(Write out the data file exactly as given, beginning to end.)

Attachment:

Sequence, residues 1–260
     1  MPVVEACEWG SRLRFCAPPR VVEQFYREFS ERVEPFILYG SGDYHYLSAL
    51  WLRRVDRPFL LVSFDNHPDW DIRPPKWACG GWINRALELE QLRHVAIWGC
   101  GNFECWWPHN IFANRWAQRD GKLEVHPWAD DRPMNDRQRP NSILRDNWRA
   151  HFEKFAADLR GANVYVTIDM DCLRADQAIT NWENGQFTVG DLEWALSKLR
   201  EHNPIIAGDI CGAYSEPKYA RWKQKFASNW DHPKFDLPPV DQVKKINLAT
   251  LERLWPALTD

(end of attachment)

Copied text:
Sequence, residues 1–260
     1  MPVVEACEWG SRLRFCAPPR VVEQFYREFS ERVEPFILYG SGDYHYLSAL
    51  WLRRVDRPFL LVSFDNHPDW DIRPPKWACG GWINRALELE QLRHVAIWGC
   101  GNFECWWPHN IFANRWAQRD GKLEVHPWAD DRPMNDRQRP NSILRDNWRA
   151  HFEKFAADLR GANVYVTIDM DCLRADQAIT NWENGQFTVG DLEWALSKLR
   201  EHNPIIAGDI CGAYSEPKYA RWKQKFASNW DHPKFDLPPV DQVKKINLAT
   251  LERLWPALTD